A Copper Ridge resident clears their driveway after a massive over night snowfall in Whitehorse on Nov. 2, 2020. Environment Canada has issued a winter storm warning for the Whitehorse and Haines Junction areas for Jan. 18. (Crystal Schick/Yukon News file)
Winter storm warning for Haines Junction and Whitehorse

Environment Canada says the storm will develop Monday and last until Tuesday

Maria Metzen off the start line of the Yukon Dog Mushers Association’s sled dog race on Jan. 9. (Gabrielle Plonka/Yukon News)
Mushers race in preparation for FirstMate Babe Southwick

The annual race is set for Feb. 12 and 13.

The Yukon government is making changes to the medical travel system, including doubling the per diem and making destinations for medical services more flexible. (Joel Krahn/Yukon News file)
Subsidy for medical travel doubled with more supports coming

The change was recommended in the Putting People First report endorsed by the government

Chloe Sergerie, who was fined $500 under the <em>Civil Emergency Measures Act</em> on Jan. 12, says she made the safest choice available to her when she entered the territory. (Mike Thomas/Yukon News file)
Woman fined $500 under CEMA says she made ‘safest decision’ available

Filling out a declaration at the airport was contrary to self-isolation, says accused

Yukon University has added seven members to its board of governors in recent months. (Crystal Schick/Yukon News file)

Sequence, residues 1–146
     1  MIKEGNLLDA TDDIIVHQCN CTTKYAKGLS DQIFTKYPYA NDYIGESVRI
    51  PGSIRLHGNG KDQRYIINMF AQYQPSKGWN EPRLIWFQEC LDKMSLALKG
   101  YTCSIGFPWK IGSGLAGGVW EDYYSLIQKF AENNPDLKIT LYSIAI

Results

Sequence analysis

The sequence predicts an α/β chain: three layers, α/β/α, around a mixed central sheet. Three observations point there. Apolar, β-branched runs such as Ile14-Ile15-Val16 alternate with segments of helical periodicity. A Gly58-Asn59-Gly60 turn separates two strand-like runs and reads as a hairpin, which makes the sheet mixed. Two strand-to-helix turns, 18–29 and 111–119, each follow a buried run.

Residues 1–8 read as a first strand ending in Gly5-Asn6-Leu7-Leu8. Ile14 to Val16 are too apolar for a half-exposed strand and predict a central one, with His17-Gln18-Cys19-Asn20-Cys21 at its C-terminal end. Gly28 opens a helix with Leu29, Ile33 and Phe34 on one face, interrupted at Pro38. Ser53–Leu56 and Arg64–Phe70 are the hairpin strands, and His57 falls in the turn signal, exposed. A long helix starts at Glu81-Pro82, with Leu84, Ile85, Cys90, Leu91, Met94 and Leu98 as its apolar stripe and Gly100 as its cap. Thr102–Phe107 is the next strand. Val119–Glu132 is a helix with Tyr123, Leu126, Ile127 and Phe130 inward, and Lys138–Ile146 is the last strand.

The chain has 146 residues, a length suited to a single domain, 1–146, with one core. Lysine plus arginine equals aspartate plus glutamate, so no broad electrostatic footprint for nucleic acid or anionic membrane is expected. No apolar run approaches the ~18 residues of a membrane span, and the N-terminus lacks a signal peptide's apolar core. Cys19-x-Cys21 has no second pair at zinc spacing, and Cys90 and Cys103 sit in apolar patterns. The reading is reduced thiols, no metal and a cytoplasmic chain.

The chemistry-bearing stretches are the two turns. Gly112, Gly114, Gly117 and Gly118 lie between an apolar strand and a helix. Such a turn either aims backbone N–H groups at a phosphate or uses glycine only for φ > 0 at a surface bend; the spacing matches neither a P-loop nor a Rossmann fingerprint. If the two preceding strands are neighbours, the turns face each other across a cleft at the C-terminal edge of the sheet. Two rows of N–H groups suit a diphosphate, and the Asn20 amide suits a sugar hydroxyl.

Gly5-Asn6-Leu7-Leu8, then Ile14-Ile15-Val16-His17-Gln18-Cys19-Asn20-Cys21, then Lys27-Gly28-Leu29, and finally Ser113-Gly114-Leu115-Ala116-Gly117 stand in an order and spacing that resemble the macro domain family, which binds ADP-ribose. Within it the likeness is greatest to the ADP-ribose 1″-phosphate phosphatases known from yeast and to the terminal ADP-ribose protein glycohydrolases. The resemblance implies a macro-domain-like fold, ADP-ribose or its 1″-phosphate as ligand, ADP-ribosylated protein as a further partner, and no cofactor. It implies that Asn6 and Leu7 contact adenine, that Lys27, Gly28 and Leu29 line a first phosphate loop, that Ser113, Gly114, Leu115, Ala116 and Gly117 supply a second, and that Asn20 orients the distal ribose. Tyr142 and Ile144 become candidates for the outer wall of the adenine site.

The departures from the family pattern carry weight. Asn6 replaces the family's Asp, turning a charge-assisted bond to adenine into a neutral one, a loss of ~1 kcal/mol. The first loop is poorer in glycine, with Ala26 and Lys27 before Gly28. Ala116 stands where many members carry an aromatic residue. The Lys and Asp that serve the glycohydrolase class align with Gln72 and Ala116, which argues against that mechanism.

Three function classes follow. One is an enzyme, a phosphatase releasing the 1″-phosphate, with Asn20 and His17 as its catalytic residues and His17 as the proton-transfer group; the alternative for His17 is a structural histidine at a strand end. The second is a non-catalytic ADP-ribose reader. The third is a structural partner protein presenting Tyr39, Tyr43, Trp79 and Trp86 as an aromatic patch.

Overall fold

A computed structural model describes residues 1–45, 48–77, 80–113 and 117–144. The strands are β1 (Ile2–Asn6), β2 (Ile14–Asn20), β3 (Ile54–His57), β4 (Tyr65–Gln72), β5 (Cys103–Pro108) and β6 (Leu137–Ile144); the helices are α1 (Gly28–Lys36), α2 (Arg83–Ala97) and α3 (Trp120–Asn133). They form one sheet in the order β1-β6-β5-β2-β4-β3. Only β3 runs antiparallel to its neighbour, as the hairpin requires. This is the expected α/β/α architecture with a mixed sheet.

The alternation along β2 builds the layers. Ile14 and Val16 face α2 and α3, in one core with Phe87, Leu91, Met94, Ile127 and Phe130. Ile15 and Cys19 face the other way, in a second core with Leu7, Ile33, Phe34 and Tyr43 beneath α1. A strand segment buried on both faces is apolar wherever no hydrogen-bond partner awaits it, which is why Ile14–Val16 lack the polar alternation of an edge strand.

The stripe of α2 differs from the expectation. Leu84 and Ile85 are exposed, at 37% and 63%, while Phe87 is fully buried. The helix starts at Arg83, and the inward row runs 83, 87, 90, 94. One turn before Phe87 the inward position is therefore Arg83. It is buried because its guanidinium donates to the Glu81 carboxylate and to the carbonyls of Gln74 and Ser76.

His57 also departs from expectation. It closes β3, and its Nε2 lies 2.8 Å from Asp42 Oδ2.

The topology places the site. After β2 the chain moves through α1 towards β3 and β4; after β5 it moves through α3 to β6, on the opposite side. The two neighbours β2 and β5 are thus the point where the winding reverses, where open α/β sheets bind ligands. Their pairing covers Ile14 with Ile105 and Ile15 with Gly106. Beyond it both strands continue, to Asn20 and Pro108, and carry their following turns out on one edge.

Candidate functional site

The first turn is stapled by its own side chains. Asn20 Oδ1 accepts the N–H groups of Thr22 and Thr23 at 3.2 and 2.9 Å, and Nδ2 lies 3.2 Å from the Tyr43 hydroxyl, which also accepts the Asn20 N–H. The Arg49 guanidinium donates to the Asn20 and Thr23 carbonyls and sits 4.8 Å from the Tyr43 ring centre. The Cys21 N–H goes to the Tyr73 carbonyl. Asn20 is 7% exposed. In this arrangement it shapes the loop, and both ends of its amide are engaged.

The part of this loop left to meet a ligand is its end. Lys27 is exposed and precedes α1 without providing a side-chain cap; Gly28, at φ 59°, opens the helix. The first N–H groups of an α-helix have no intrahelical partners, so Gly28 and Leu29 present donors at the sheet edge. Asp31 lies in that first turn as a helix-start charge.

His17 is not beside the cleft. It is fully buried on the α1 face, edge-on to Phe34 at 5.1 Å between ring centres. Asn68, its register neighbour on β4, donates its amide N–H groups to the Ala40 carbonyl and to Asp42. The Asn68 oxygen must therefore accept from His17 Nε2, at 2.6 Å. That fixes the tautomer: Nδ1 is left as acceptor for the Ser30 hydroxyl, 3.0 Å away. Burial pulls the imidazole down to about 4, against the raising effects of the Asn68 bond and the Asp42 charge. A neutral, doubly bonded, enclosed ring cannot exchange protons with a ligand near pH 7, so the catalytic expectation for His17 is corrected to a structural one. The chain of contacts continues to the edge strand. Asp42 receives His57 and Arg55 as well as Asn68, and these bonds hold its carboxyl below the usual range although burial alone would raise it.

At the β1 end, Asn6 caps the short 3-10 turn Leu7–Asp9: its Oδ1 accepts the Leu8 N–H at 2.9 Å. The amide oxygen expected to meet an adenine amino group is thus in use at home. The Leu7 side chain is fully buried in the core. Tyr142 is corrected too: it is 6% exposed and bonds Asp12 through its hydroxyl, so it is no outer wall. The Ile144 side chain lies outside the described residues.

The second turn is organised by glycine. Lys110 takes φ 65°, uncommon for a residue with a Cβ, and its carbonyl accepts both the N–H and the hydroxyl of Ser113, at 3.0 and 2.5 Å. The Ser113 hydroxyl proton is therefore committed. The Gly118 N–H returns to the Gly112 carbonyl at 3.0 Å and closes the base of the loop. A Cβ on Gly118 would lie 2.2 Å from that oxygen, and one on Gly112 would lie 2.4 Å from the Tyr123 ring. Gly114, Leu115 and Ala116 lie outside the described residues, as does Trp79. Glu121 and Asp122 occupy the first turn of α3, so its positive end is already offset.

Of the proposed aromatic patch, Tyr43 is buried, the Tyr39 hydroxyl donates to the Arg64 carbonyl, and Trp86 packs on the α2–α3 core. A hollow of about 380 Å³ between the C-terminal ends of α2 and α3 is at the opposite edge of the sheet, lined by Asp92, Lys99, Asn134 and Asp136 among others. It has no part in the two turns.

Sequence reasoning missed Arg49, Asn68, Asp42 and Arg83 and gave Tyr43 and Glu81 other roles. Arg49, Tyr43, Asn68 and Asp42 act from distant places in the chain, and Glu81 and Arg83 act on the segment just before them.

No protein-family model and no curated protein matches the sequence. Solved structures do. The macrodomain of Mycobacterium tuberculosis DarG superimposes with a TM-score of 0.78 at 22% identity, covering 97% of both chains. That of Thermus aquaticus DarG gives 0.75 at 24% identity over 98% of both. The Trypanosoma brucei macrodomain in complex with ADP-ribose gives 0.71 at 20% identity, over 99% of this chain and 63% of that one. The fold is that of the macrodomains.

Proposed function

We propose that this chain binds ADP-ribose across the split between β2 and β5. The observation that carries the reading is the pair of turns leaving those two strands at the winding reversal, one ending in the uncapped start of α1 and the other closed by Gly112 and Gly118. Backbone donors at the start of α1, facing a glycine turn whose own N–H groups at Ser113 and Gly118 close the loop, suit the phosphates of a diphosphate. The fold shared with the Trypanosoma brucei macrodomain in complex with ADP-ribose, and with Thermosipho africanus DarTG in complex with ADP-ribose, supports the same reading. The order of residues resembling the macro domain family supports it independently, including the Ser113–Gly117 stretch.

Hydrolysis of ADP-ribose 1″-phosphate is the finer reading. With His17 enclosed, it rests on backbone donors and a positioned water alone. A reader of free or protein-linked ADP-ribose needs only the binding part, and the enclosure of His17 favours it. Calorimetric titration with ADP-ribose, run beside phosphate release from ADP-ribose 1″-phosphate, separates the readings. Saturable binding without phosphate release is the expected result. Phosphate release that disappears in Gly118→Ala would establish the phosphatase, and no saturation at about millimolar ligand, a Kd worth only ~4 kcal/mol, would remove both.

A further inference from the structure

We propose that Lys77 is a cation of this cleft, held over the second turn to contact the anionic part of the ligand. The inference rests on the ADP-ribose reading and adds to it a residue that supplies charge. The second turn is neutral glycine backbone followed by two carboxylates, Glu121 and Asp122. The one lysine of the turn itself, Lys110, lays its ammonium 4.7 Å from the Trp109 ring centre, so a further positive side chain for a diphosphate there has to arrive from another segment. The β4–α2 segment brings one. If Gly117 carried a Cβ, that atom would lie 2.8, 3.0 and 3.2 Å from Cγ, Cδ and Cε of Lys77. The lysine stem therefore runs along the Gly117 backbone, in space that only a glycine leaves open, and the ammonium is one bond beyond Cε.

New members named to Yukon U’s board of governors

Required number of board members now up to 17

Yukonomist Keith Halliday
Yukonomist: Your Northern regulatory adventure awaits!

“Your Northern adventure awaits!” blared the headline on a recent YESAB assessment… Continue reading

Yukoner Shirley Chua-Tan is taking on the role of vice-chair of the social inclusion working group with the Canadian Academy of Health Sciences’ oversight panel and working groups for the autism assessment. (Submitted)
Canadian Academy of Health Sciences names Yukoner to panel

Shirley Chua-Tan is well-known for a number of roles she plays in… Continue reading

The Fish Lake area viewed from the top of Haeckel Hill on Sept. 11, 2018. The Yukon government and Kwanlin Dün First Nation (KDFN) announced they are in the beginning stages of a local area planning process for the area. (Crystal Schick/Yukon News file)
Local area planning for Fish Lake announced

The Government of Yukon and Kwanlin Dün First Nation (KDFN) announced in… Continue reading

Whitehorse City Hall. (Joel Krahn/Yukon News file)
City hall, briefly

A look at decisions made by Whitehorse city council this week

Fire damage, photographed on Jan. 11, to a downtown apartment building which occurred late in the evening on Jan. 8. Zander Firth, 20, from Inuvik, was charged with the arson and is facing several other charges following his Jan. 12 court appearance. (Gabrielle Plonka/Yukon News)
More charges for arson suspect

The Inuvik man charged in relation to the fire at Ryder Apartments… Continue reading

The grace period for the new Yukon lobbyist registry has come to an end and those who seek to influence politicians will now need to report their efforts to a public database. (Mike Thomas/Yukon News file)
Grace period for new lobbyist registry ends

So far nine lobbyists have registered their activities with politicians in the territory

Most Read